Why Media Consumption Statistics Shouldn’t Drive Marketing Investments


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In May of this year, Mary Meeker, now an executive with the venture capital firm Kleiner Perkins Cauflield & Byers, published the twentieth edition of her Internet trends report. Ms. Meeker’s annual dissertation has become one of the most highly-acclaimed and widely-distributed reports regarding the major trends in Internet growth and usage.

Ms. Meeker’s report is filled with interesting statistics, and I recommend that you take the time to read it. You can obtain a copy of the report here.

As she did in some earlier versions of her report, Ms. Meeker included a slide in the 2015 edition that compared the time people spend consuming various types of media with the amount of advertising spending devoted to those media channels. The 2015 slide is shown below.

Source:  Mary Meeker, Internet Trends 2015

As in past years, this slide has provoked a significant amount of commentary in advertising and marketing circles. For example:

  • “Meeker showed a nearly identical slide last year, comparing the amount of time people spend with various forms of media to the percentage of advertising spend dedicated to each type of media. Radio seems pretty well calibrated, while print is still grabbing a disproportionate percentage and mobile has room to grow by about $25 billion.” (Emphasis added) (“The Nine Top Slides From Mary Meeker’s State of the Internet,” Advertising Age, May 27, 2015)
  • “The mobile ad industry is still short $25 billion. Mobile commands 24 percent of time spent with media but accounts for only 8 percent of ad dollars spend.” (“These Are the Digital Trends Everyone in Tech and Advertising Needs to Know According to Mary Meeker’s Internet report,” Adweek, May 27, 2015)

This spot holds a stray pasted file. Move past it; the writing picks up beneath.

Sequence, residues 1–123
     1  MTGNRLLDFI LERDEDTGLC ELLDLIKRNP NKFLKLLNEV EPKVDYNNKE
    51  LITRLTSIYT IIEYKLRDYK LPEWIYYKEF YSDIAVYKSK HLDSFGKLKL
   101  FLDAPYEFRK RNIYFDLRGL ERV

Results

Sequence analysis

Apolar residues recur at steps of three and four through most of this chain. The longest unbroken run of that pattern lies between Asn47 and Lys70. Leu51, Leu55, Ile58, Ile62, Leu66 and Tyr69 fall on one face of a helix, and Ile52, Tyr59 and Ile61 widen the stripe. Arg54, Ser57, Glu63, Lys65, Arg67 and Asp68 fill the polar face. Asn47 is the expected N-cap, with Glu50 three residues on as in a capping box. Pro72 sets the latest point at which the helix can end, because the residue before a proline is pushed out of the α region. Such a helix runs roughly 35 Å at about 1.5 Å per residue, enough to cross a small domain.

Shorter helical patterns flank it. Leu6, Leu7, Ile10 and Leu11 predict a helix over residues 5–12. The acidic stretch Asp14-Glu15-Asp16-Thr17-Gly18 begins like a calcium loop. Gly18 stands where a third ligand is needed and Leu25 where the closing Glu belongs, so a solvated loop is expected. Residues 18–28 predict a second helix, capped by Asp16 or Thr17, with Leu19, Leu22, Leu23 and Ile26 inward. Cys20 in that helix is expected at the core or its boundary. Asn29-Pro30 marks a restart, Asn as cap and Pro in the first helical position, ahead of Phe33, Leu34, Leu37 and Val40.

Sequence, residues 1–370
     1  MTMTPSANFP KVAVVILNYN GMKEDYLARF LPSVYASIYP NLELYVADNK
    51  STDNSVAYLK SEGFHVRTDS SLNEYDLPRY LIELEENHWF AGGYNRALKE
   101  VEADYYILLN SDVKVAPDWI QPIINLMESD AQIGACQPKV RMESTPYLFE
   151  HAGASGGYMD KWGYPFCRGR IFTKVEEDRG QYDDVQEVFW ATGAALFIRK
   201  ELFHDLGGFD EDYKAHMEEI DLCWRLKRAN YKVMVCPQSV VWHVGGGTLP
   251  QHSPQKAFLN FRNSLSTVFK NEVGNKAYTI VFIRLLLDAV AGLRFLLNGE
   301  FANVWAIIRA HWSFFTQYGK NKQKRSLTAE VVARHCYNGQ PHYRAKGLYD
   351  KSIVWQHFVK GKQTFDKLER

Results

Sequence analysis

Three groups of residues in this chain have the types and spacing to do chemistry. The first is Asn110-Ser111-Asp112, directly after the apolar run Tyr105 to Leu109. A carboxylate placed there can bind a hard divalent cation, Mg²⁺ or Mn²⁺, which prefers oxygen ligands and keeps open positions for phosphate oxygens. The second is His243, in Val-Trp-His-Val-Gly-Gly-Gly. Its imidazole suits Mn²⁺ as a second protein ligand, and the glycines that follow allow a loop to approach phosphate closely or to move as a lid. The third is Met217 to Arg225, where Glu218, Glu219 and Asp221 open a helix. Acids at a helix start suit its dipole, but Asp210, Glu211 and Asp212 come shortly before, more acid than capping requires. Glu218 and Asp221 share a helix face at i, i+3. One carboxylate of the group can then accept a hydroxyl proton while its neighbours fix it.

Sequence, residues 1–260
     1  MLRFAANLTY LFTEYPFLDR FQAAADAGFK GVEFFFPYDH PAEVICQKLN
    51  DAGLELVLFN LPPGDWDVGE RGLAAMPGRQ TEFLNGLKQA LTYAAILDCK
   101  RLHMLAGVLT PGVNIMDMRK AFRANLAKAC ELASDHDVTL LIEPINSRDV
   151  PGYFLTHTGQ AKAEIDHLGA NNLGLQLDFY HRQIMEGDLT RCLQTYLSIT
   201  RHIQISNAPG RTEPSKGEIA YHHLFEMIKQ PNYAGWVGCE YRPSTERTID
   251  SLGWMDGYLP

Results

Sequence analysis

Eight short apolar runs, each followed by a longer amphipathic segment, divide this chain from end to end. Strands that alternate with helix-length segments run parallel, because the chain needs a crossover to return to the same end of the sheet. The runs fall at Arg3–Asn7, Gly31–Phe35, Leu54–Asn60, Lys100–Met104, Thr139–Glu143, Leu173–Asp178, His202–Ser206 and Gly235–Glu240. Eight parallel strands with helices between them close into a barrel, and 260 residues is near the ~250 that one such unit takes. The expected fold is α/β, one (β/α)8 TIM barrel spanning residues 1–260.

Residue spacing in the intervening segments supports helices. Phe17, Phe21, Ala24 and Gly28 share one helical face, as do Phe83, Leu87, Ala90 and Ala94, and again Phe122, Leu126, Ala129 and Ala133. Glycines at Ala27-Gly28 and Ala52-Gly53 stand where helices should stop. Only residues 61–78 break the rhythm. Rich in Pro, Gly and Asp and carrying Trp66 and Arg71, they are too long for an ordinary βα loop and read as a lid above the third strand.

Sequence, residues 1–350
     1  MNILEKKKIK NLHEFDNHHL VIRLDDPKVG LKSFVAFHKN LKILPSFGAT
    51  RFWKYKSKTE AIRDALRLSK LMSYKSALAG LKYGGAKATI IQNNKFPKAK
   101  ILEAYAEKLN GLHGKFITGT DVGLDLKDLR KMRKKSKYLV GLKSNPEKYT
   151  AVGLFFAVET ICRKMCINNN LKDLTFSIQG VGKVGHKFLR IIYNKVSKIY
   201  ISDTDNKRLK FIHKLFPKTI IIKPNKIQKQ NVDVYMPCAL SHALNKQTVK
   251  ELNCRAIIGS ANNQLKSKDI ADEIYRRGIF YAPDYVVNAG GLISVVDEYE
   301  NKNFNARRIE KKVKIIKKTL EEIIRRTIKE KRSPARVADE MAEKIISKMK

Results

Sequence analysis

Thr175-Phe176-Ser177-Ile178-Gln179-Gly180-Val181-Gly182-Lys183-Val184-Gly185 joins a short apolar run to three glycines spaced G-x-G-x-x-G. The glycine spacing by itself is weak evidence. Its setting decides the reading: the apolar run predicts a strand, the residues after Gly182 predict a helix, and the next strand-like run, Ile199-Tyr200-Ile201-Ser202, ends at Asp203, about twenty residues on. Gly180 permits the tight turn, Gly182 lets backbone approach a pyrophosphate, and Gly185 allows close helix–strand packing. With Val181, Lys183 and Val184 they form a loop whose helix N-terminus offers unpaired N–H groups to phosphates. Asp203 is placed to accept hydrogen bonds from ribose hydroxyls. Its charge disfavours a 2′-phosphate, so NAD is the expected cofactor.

The implicit assumption in these statements is that advertising and marketing spending should reflect media consumption patterns. If you accept this assumption, Ms. Meeker’s data does suggest that companies are over-investing in print advertising and under-investing in mobile.

But are high-level media consumption statistics a reliable guide for how companies should spend their advertising and marketing dollars? I contend that marketers should be cautious when using media consumption data for three reasons.

Lack of Specificity

Broad consumption patterns usually aren’t specific enough to provide effective guidance for an individual company. As a marketer, what you really need to know is how the prospective buyers in your target market consume media.

Narrow Focus

Most statistics on this issue focus only on what is called measured media, and therefore they only compare advertising spending to media consumption time. Numerous research studies have shown that spending on digital marketing, content marketing, and social media marketing has increased dramatically over the past few years. Today, the important issue for marketers is how to allocate overall marketing spending, of which pure advertising spending is only one component.

Time Spent Doesn’t Mean Effectiveness

The time people spend with a particular type of media isn’t necessarily indicative of how effective that channel will be for marketing purposes. For example, many younger B2B buyers are probably spending a considerable amount of time using mobile devices, but that isn’t necessarily their preferred way to access business-related information – at least not yet. The fallacy is to assume that personal communication preferences and marketing communication preferences are identical.

The report describing the findings of the 2012 Channel Preferences Survey by ExactTarget made this point clearly:  “The lesson here for marketers is that just because consumers embrace a channel for personal communications doesn’t mean that they want to receive direct marketing messages from your brand via that channel.”

Media consumption statistics are interesting, and they can be useful, but you need to know more to make sound marketing investments.

Republished with author's permission from original post.

David Dodd
David Dodd is a B2B business and marketing strategist, author, and marketing content developer. He works with companies to develop and implement marketing strategies and programs that use compelling content to convert prospects into buyers.


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